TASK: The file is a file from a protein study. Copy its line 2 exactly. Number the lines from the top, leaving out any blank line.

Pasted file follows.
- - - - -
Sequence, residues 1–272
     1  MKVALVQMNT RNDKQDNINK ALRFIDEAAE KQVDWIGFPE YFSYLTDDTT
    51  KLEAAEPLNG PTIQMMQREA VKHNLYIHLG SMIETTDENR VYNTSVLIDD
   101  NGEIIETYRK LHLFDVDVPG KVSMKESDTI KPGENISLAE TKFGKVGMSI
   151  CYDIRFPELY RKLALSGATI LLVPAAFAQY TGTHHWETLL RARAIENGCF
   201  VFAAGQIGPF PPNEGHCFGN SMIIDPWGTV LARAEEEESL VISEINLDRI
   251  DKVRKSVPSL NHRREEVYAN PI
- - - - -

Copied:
     1  MKVALVQMNT RNDKQDNINK ALRFIDEAAE KQVDWIGFPE YFSYLTDDTT